Multiple MIMO transceivers are shown at 160. MIMO transceivers may perform digital signal processing associated with demodulation and decoding as well as modulation and encoding. In some configurations, there are as many MIMO transceivers 160 as beams supported by any one antenna. In this configuration, the number of antenna arrays is equal to the number of receive input and transmit output ports on each MIMO transceiver. Other configurations are also possible. Although Tx/Rx RF signal conditioning 150 and MIMO transceivers 160 are shown separately in FIG. 1, they may be combined into a single component or element.

Data processor 170 manages MIMO transceivers 160 and provides an interface such as an Ethernet interface to a network 180. Data may be sent from the network 180 to MIMO transceivers 160, conditioned by Tx/Rx RF signal conditioner 150 and then transmitted by antenna arrays 130, 140 or both, to one or more mobile terminals such as 102, 104. Similarly, one or more mobile terminals may transmit signals received by one or more of antenna arrays 130, 140, conditioned by 150, received by MIMO transceivers 160 and processed by data processor 170 for distribution to network 180.

FIG. 2 depicts an example of a block diagram of a receiver 200 for extended communications range and throughput with three antenna arrays 210, 220 and 230 and six MIMO receivers 250(a)-(f). Only the receive portion of a transceiver is shown in this example to simplify the description. In this example, each antenna array produces six independent beams 212(a)-(f), 222(a)-(f), and 232(a)-(f) although each antenna array 210, 220, 230 could produce a different number of beams. Antenna arrays 210, 220 and 230 may be comprised of antenna elements 214(a)-(h), 224(a)-(h), and 234(a)-(h), respectively, as well as beamformers 216, 226, and 236. Although in this example each antenna array 210, 220, and 230 is comprised of eight antenna elements 214(a)-(h), 224(a)-(h), and 234(a)-(h), different numbers of elements per array could be used. The six beams 212(a)-(f), 222(a)-(f), and 232(a)-(f) of each antenna array are synthesized by antenna elements 214(a)-(h), 224(a)-(h), and 234(a)-(h), and beamformers 216, 226 and 236, respectively.

Each of the six beams of each antenna is associated with a corresponding signal 218(a)-(f), 228(a)-(f), and 238(a)-(f). MIMO receivers 250(a), 250(b), 250(c), 250(d), 250(e) and 250(f) are connected to beamformers 216, 226, and 236 such that beamformer output 218(a) corresponding to beam 212(a) is connected to MIMO receiver 250(a) at 240(a). Similarly, beamformer output 228(a) corresponding to beam 222(a) is connected to receiver 250(a) at 240(b), and beamformer output 238(a) corresponding to beam 232(a) is connected to MIMO receiver 250(a) at 240(c). In the same fashion, beamformer output 218(b) corresponding to beam 212(b) is connected to MIMO receiver 250(b) at 241(a), beamformer output 228(b) corresponding to beam 222(b) is connected to MIMO receiver 250(b) at 241(b), and beamformer output 238(b) corresponding to beam 232(b) are connected to MIMO receiver 250(b) at 214(c). The same connection pattern is used for MIMO receivers 250(c), 250(d), 250(e), and 250(f) connected to 242(a)-(c), 243(a)-(c), 244(a)-(c), and 245(a)-(c) corresponding to beamformer outputs 218(c)-(f), 228(c)-(f), and 238(c)-(f) and beams 212(c)-(f), 222(c)-(f), and 232(c)-(f).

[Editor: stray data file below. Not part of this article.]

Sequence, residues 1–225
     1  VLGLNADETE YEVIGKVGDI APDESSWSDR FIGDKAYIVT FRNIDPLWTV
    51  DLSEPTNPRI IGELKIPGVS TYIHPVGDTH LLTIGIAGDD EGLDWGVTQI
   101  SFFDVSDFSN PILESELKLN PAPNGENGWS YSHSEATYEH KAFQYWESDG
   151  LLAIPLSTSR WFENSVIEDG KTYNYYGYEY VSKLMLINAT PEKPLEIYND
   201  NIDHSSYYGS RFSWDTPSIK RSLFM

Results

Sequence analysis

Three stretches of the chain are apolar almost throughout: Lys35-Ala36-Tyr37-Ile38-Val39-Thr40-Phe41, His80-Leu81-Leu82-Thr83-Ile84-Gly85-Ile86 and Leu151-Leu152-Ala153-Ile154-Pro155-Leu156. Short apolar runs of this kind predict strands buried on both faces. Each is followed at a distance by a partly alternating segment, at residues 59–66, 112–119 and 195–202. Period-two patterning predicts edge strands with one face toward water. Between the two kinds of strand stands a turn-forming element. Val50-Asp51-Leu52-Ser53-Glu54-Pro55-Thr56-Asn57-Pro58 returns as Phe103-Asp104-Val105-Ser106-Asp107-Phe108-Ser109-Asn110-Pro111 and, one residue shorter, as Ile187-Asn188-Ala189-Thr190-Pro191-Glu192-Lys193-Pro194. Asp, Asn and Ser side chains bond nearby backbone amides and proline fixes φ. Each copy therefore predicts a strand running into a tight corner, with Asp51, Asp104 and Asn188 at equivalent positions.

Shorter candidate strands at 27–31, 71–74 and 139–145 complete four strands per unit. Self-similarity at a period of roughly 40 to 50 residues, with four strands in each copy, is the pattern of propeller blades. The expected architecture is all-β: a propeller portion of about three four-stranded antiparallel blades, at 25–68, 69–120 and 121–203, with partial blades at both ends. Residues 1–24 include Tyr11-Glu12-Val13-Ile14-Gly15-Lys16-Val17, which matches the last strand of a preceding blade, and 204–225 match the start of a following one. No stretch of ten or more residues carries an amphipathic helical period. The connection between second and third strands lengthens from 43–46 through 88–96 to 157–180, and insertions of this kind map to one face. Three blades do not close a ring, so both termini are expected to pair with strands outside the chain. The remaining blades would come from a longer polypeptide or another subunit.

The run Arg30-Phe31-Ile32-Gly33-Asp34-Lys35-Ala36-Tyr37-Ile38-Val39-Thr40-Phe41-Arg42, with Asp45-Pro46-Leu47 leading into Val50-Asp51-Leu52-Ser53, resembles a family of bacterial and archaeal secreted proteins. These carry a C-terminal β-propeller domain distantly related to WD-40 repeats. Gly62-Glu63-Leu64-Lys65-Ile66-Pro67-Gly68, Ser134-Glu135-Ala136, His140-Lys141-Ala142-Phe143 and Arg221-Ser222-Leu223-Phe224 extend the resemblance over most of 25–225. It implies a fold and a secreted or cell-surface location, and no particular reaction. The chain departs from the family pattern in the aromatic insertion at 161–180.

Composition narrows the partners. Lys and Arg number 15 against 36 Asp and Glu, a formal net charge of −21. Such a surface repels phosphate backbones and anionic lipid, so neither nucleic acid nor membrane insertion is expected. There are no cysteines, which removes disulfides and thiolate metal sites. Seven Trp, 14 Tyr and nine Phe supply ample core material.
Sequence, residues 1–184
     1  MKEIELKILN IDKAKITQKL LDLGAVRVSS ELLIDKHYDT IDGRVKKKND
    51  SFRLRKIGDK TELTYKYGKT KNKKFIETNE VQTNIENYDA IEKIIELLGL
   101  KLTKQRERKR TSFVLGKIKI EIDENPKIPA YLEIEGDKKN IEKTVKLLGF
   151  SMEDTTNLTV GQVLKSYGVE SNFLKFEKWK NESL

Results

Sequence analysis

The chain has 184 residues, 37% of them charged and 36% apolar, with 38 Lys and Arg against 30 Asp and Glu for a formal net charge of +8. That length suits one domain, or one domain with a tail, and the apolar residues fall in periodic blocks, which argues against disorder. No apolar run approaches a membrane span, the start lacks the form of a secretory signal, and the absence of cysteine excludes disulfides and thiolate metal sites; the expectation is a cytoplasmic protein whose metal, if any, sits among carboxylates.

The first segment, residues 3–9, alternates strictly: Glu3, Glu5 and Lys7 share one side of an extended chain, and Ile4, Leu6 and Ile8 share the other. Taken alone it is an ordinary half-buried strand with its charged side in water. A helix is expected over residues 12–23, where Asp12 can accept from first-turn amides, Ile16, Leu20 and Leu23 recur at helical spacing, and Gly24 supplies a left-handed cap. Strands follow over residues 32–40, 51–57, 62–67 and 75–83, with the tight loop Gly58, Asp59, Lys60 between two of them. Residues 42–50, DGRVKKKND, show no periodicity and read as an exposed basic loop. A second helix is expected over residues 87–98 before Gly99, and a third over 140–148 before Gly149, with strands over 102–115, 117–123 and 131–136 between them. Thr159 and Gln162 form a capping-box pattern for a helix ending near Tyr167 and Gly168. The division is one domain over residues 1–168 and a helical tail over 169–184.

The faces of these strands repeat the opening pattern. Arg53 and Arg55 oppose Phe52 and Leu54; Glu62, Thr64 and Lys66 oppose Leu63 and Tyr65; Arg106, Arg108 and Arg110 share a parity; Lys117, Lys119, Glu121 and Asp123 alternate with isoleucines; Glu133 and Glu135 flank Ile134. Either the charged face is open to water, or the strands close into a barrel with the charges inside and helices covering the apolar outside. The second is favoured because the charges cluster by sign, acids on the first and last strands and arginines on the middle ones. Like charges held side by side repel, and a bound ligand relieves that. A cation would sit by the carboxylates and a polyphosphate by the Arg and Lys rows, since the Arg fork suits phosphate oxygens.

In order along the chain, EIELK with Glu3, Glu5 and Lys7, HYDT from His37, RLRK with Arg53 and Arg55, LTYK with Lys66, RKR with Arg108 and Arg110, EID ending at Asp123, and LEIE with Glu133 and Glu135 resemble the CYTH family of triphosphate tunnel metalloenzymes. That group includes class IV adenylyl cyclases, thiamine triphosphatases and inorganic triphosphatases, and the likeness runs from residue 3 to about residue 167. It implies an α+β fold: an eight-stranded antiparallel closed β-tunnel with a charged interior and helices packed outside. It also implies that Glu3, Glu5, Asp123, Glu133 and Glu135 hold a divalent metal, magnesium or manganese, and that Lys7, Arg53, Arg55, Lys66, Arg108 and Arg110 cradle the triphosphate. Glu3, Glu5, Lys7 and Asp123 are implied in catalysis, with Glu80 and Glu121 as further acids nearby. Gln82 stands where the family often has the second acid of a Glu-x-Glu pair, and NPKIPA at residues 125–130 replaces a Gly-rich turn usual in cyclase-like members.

Although the diagram 200 of FIG. 2 depicts three antennas arrays 210, 220, 230 with six beams each connected to six MIMO receivers 250(a)-(f) that can accept three inputs each, any number of antennas connected to MIMO transceivers that can accommodate the same number of inputs as antennas could be used. There are an equal number of MIMO receivers as beams per antenna array. For example, four antennas with three beams each could be connected to three MIMO receivers each with four inputs. Similarly, two antenna arrays with three beams each could be connected to three MIMO receivers with two inputs each. In some implementations, multiple MIMO receivers are implemented on a single circuit card and/or in a single enclosure. In some implementations, one MIMO receiver may be capable of handling multiple receive channels simultaneously. The implementation of FIG. 2 is scalable to any number of beams provided the availability of MIMO processors that are capable of accommodating the antenna inputs. The number of inputs per MIMO receiver is sometimes referred to as its dimension.

The example system of FIG. 2 allows antenna arrays 210, 220 and 230 to be as far apart as practical, thus providing spatial diversity, while, at the same time, each antenna array 210, 220 and 230 supports beamforming by the design of antenna elements 214(a)-(h), 224(a)-(h), 234(a)-(h) and beamformers 216, 226 and 236. For example, the characteristics of beams 212(a)-(f) including beamwidth, gain and side lobe features, are determined by the type and design of each antenna element 214(a)-(h), the spacing between elements, and the beamformer 216. MIMO performance is enhanced by placing antennas 210, 220 and 230, a distance apart that is many times to many thousands of times (or greater) farther apart than the distance between elements of the array.